In its latest forecast the organization calls for a platinum deficit of 120,000 ounces in 2017.
In 2016, platinum reached its fifth consecutive year of deficit, and it seems that trend will continue in 2017 — supply continues to fall, demand is stabilizing and investors are turning to safe-haven assets amid worldwide uncertainty.
The World Platinum Investment Council (WPIC) is now predicting a platinum deficit of 120,000 ounces in 2017, it says in its recently revised forecast for the year. Last year there was a wider-than-expected deficit of 270,000 ounces.
“The upward revisions of the 2016 deficit and the forecast 2017 deficit, which would be the sixth consecutive annual shortfall, show that the platinum market is tightening amid solid demand and increasingly constrained supply,” WPIC CEO Paul Wilson says in the report.
“We believe that platinum is poised to regain the portion of its value related to its industrial applications and its strong supply/demand fundamentals,” he also notes.
Delving deeper into the factors affecting platinum supply, the WPIC explains that 2014’s five-month strike in South Africa, the world’s top producer, continues to affect the market today. In total, 1 million ounces of the metal were not produced due to the strike, and supply of the metal has still not recovered.
And although that strike is now over, South Africa continues to be a challenging place to operate. Miners continue to be plagued by safety-related stoppages and operational challenges at underground mines in the country, and production has been declining for a decade — it peaked at nearly 6 million ounces back then and this year is expected to shrink to less than 4.2 million ounces this year.
“Future mining supply is constrained as a result of falling capital expenditure and increases in real costs, which have come down by 60 percent a year,” Wilson said at a conference in Africa last month.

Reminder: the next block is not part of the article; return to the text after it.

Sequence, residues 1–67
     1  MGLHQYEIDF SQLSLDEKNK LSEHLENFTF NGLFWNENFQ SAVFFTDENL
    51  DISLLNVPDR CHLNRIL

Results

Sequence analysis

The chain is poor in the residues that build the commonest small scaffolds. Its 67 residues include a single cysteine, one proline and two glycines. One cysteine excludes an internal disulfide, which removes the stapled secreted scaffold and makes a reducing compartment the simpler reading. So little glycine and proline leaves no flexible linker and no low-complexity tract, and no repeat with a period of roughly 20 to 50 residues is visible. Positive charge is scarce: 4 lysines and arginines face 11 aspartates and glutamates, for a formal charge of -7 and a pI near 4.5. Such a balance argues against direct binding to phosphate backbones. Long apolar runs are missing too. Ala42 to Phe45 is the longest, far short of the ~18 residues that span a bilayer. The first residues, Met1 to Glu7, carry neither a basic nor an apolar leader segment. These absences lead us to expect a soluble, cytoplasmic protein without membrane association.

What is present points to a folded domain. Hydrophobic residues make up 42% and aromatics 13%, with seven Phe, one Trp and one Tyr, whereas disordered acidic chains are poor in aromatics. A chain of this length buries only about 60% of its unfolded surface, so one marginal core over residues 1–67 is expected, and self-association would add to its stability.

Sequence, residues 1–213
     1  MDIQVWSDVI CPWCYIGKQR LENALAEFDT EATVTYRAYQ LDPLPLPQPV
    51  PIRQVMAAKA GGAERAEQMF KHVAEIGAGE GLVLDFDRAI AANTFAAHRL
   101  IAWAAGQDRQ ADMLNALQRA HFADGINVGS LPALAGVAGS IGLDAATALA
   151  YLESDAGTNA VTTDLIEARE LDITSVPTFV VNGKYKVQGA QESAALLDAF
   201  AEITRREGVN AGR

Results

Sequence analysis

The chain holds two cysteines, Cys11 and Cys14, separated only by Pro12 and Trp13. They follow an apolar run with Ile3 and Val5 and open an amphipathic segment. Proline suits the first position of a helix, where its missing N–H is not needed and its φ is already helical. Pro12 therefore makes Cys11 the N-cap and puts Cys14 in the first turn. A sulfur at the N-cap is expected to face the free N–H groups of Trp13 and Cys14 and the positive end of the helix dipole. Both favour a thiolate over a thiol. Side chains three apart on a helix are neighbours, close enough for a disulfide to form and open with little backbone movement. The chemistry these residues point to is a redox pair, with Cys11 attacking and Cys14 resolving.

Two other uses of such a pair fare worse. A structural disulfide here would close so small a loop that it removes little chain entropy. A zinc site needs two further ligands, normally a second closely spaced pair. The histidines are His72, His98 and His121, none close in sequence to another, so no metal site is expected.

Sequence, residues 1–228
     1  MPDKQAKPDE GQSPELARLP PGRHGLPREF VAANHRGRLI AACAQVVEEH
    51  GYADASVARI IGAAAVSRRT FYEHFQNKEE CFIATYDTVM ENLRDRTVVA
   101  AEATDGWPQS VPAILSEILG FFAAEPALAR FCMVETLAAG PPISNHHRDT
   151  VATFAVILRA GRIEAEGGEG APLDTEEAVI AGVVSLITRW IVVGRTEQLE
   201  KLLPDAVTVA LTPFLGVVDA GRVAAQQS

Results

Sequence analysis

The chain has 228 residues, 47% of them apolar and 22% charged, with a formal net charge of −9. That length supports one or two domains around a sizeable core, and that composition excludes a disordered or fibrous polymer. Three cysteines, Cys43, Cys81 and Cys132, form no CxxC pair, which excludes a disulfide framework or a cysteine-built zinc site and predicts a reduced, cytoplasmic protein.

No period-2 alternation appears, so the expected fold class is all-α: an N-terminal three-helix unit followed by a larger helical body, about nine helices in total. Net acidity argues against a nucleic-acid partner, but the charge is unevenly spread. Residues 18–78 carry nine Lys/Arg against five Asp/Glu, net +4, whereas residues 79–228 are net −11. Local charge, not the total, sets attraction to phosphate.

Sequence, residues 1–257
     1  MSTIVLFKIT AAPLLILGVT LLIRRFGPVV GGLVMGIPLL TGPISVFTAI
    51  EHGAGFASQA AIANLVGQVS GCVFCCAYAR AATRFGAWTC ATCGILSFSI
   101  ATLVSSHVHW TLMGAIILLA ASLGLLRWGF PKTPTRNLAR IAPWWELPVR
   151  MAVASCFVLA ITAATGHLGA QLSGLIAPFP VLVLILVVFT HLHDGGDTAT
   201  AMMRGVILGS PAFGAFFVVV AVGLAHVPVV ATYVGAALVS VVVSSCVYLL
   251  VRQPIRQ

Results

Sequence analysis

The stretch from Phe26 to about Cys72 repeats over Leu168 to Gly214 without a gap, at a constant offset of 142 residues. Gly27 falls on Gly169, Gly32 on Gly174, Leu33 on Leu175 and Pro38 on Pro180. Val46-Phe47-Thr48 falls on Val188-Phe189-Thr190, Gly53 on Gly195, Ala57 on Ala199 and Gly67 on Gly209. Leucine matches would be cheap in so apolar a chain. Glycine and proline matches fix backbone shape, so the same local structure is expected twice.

According to the WPIC, total platinum supply rose 1 percent to reach 7.97 million ounces in 2016. It is expected to fall by 4 percent in 2017, coming in at 7.66 million ounces.
On the demand side, automotive production is expected to climb in the coming years, particularly in developing markets. That is expected to ensure healthy demand for platinum and other platinum-group metals into the future.
According to the WPIC, in 2016 car sales volume in the European Union rose to the highest level in nine years and expanded for the third consecutive year. China also experienced growth, with consumers buying vehicles at the fastest pace in three years.
“China is a big part of this story,” Jonathan Butler, a precious metals strategist at Mitsubishi (TSE:8058), said earlier this month. “The level of car ownership is still growing, and there are signs that it could get to western levels.”
The WPIC says that in 2017, automotive sector demand is expected to remain relatively stable, dropping a marginal 15,000 ounces to 3.39 million ounces.
Jewelry and investment demand are also important in the platinum sector, and the WPIC is calling for the former to decline 1 percent, to 2.53 million ounces, this year. The fall will come due to weaker demand in China, which is anticipated to outweigh growing demand in India, North America and Europe. Meanwhile, the WPIC is forecasting that investment demand will drop 50 percent, to 250,000 ounces, in 2017.
All in all, the organization currently sees 2017 platinum demand decreasing by 6 percent, to 7,78 million ounces. However, that forecast could change.
“[I]f investment demand follows the path of previous years, the demand forecast will likely be revised upwards,” Wilson said.
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Securities Disclosure: I, Priscila Barrera, hold no direct investment interest in any company mentioned in this article.